Decompiling Android apps

To get a deeper insight into how an Android app works we may want to convert the binary form inside APK file to some sort of textual representation that we can read and edit. This may be desirable for working out how to defeat some automation countermeasures (e.g. HMAC being applied on API requests), finding vulnerabilities in the apps themselves or in backend systems that service the apps, analysing malicious code and so on. Reverse engineering uncovers the technical reality that is otherwise hidden and not meant to be seen.

So what’s an APK, in and of itself? Well, it turns out that APK is merely a Zip archive that we can unpack:

$ file "FirstNet Cybersecurity"
$ unzip FirstNet\ Cybersecurity\ 
$ ls -lh
total 30512
-rw-r--r--@  1 rl  staff    11K Dec 31  1979 AndroidManifest.xml
-rw-r--r--@  1 rl  staff    10M Aug  2 12:47 FirstNet Cybersecurity
drwxr-xr-x@ 70 rl  staff   2.2K Aug  2 14:21 META-INF
drwxr-xr-x@  3 rl  staff    96B Aug  2 14:21 assets
-rw-r--r--@  1 rl  staff   3.5M Dec 31  1979 classes.dex
-rw-r--r--@  1 rl  staff    68B Jan  1  1970
-rw-r--r--@  1 rl  staff    78B Jan  1  1970
-rw-r--r--@  1 rl  staff    62B Jan  1  1970
-rw-r--r--@  1 rl  staff    98B Jan  1  1970
-rw-r--r--@  1 rl  staff    74B Jan  1  1970
drwxr-xr-x@ 86 rl  staff   2.7K Aug  2 14:21 kotlin
drwxr-xr-x@  6 rl  staff   192B Aug  2 14:21 lib
drwxr-xr-x@  3 rl  staff    96B Aug  2 14:21 okhttp3
-rw-r--r--@  1 rl  staff    74B Jan  1  1970
-rw-r--r--@  1 rl  staff    82B Jan  1  1970
-rw-r--r--@  1 rl  staff    94B Jan  1  1970
-rw-r--r--@  1 rl  staff    74B Jan  1  1970
-rw-r--r--@  1 rl  staff    76B Jan  1  1970
-rw-r--r--@  1 rl  staff    76B Jan  1  1970
-rw-r--r--@  1 rl  staff    76B Jan  1  1970
drwxr-xr-x@ 57 rl  staff   1.8K Aug  2 14:21 res
-rw-r--r--@  1 rl  staff   974K Dec 31  1979 resources.arsc

After unpacking, we have some package metadata, app assets (images, XML documents, config files) and a Dalvik Executable file classes.dex. You see, Android does not run a regular JVM even though Android apps can still be written in Java. It runs Dalvik - a replacement for JVM that is specifically designed for running it within mobile devices. Dalvik bytecode is different from regular JVM bytecode. Our objective is to turn Dalvik bytecode into something we can read. Let us go through some tools that can help us with this.


If Dalvik bytecode is essentially a binary machine code for the Dalvik VM, then there has to be Dalvik assembly language that has one-to-one correspondence between language statement and VM instruction. This language is called Smali and Apktool is a program to disassemble Dalvik bytecode into Smali. Only a single command is needed to unpack APK and convert classes.dex file into Smali source code:

$ apktool d "FirstNet Cybersecurity"  

In the new directory that Apktool creates there’s smali directory that has subdirectories according to Android package structure. The smali code looks something like this:

# instance fields
.field private final a:Lcom/squareup/picasso/r;

.field private final b:Lcom/squareup/picasso/O;

# direct methods
.method constructor <init>(Lcom/squareup/picasso/r;Lcom/squareup/picasso/O;)V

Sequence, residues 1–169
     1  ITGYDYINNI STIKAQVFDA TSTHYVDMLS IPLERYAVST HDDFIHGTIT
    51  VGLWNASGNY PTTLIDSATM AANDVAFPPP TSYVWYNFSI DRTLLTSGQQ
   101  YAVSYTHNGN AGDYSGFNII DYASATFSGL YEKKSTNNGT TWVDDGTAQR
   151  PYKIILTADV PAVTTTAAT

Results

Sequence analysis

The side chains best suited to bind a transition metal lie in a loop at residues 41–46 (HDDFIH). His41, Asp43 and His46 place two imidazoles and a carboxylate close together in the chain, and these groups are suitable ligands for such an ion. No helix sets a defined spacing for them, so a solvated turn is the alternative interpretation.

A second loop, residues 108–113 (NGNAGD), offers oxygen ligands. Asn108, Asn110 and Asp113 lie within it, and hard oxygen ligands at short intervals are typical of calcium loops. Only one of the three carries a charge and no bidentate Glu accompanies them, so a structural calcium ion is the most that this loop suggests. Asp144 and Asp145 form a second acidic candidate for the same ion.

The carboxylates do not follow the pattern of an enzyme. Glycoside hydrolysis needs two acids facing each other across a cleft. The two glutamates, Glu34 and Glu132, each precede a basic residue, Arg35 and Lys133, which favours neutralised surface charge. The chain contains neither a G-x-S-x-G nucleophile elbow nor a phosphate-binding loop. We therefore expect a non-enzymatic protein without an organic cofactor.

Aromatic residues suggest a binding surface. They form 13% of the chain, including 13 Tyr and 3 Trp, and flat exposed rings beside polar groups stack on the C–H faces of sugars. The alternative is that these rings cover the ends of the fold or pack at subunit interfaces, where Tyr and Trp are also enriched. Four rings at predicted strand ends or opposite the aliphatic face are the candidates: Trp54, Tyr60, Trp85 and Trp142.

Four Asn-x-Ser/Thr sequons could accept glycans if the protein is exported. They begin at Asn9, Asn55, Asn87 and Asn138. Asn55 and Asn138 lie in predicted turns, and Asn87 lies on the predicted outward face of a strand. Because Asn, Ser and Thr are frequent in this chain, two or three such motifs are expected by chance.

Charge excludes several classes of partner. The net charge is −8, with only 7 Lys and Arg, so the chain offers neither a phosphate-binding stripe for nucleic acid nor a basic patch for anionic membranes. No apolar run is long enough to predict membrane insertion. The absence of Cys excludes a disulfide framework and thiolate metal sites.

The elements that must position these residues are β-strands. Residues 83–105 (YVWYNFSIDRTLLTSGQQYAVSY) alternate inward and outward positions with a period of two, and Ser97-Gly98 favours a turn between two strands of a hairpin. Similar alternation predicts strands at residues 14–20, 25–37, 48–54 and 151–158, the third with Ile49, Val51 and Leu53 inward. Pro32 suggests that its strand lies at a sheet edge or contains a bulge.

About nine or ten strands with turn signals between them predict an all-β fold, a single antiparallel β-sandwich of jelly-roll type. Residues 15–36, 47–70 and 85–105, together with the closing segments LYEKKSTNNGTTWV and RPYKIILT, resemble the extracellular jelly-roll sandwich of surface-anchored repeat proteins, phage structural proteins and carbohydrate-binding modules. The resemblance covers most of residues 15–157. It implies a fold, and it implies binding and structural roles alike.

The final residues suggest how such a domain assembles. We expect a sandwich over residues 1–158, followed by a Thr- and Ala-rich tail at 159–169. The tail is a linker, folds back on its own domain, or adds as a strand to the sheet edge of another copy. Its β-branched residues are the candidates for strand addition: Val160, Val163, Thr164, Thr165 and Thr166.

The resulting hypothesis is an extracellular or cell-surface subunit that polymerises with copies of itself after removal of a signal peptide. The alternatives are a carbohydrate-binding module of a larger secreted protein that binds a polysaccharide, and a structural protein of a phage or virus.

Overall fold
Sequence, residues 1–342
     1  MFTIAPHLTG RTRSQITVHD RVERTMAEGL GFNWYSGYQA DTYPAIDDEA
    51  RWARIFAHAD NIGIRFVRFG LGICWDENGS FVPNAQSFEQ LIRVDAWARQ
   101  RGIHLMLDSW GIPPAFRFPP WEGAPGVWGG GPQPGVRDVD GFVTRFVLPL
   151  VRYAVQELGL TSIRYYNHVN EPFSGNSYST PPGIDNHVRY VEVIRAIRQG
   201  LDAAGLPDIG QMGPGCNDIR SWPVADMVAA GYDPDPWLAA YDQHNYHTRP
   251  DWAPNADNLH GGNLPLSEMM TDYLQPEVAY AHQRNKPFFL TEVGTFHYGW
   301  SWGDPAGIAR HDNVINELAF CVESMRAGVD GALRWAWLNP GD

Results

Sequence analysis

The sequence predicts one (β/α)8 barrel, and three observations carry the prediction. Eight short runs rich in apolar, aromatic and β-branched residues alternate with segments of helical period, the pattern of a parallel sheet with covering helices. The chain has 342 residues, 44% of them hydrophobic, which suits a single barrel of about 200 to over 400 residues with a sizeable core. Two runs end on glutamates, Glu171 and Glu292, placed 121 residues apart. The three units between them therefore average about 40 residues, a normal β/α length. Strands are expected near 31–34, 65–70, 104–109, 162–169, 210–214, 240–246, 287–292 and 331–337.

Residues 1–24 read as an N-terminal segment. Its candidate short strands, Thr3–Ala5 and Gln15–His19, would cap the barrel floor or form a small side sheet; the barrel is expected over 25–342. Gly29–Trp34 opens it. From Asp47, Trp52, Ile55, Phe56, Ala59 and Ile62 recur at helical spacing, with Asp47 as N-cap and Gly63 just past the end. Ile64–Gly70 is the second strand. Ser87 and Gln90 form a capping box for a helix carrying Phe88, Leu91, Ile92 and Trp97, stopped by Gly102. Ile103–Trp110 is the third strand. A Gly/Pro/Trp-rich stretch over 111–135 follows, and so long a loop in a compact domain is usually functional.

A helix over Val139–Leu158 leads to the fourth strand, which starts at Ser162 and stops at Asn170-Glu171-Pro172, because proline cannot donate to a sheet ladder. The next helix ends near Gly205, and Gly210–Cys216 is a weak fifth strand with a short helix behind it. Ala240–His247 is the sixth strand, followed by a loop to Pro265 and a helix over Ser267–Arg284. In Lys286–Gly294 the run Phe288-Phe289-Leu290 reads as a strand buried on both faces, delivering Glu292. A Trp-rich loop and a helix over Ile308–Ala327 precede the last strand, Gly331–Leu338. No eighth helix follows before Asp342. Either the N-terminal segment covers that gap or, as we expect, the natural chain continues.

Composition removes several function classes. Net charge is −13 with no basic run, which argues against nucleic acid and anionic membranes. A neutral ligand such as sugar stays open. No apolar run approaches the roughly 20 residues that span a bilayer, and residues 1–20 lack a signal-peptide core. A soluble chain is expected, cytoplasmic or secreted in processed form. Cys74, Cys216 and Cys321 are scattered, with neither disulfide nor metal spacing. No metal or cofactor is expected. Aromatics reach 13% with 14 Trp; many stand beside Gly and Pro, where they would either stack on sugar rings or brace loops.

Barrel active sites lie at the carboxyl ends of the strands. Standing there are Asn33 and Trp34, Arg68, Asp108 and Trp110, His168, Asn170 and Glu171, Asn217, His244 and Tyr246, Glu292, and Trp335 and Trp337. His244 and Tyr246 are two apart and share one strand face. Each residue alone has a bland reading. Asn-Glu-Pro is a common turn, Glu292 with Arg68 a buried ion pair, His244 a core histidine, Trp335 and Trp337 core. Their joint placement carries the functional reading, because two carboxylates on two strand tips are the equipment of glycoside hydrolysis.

.locals 0

    invoke-direct {p0}, Lcom/squareup/picasso/L;-><init>()V

    iput-object p1, p0, Lcom/squareup/picasso/A;->a:Lcom/squareup/picasso/r;

    iput-object p2, p0, Lcom/squareup/picasso/A;->b:Lcom/squareup/picasso/O;

.end method

To make sense of this, we need to reference Dalvik bytecode page on the Android documentation portal. In this case, invoke-direct is an instruction that calls a non-static Java or Kotlin method and iput-object performs instance variable assignment. As we can see this is still relatively high level code that is far easier to make sense of than x86 or ARM assembly.

We can edit the Smali code for our own purposes and use Apktool to rebuild the modified version of the app. For example, a member of XDA Developers community patched an app to get the hardware button events handled to his liking.


But what if we want something closer to Java/Kotlin than assembly language? JADX is another reverse engineering tool for reconstructing Java from Dalvik bytecode to the extent that is possible. In most cases original symbol names will be lost, but we will get a somewhat readable Java code from this.

JADX project ships CLI variant of the tool and a GUI variant. Command for running the CLI variant is the following:

$ jadx FirstNet\ Cybersecurity\ 

To run GUI variant and get a graphical environment to browse the decompiled source code run it like this:

$ jadx-gui FirstNet\ Cybersecurity\ 

Screenshot 1


Dex2jar is a set of tools to deal with Dalvik bytecode. It is often used to convert DEX file to JAR file that can be handled by many tools in Java ecosystem. It does not perform decompilation by itself and is largely redundant in the context of Apktool and JADX.

Android Studio

If you have Android Studio installed you can open APK file and get it disassembled into Smali code without installing anything else.

Screenshot 2 Screenshot 3

However Android Studio is fairly heavy piece of software and I would not install it just for this purpose.

Some Android apps will be based on Android NDK and thus largely written in C or C++. The above tools will not help in that case. One would need to use binary reverse engineering tools such as IDA Pro, Ghidra or radare2.

Trickster Dev

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By rl1987, 2022-08-02